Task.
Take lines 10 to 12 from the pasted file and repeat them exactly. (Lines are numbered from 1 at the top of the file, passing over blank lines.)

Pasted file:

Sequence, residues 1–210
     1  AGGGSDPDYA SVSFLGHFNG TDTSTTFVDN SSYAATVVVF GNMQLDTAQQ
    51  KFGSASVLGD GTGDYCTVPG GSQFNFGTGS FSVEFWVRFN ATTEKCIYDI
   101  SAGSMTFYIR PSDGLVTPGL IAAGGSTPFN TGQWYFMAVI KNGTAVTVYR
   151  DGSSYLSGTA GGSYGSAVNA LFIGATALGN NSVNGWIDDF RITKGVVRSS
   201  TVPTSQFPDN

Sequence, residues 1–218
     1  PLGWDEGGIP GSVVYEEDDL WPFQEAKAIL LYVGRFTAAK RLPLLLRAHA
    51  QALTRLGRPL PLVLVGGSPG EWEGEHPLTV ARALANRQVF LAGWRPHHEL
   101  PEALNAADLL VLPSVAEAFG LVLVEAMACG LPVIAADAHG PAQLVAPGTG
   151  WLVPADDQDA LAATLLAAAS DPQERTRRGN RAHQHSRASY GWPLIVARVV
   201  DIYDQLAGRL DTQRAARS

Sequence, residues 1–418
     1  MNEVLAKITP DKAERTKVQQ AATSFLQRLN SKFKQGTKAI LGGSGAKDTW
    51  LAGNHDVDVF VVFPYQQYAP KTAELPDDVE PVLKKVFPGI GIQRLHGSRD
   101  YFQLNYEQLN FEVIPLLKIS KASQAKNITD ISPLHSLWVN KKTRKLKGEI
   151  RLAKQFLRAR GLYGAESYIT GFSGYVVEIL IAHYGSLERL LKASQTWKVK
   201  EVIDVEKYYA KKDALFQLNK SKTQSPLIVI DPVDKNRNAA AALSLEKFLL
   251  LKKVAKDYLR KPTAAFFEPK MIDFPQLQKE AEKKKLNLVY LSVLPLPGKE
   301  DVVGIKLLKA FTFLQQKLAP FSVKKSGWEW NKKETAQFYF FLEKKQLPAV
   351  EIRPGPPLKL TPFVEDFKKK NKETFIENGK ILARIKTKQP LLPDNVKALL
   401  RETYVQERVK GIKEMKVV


   101  PEALNAADLL VLPSVAEAFG LVLVEAMACG LPVIAADAHG PAQLVAPGTG
   151  WLVPADDQDA LAATLLAAAS DPQERTRRGN RAHQHSRASY GWPLIVARVV
   201  DIYDQLAGRL DTQRAARS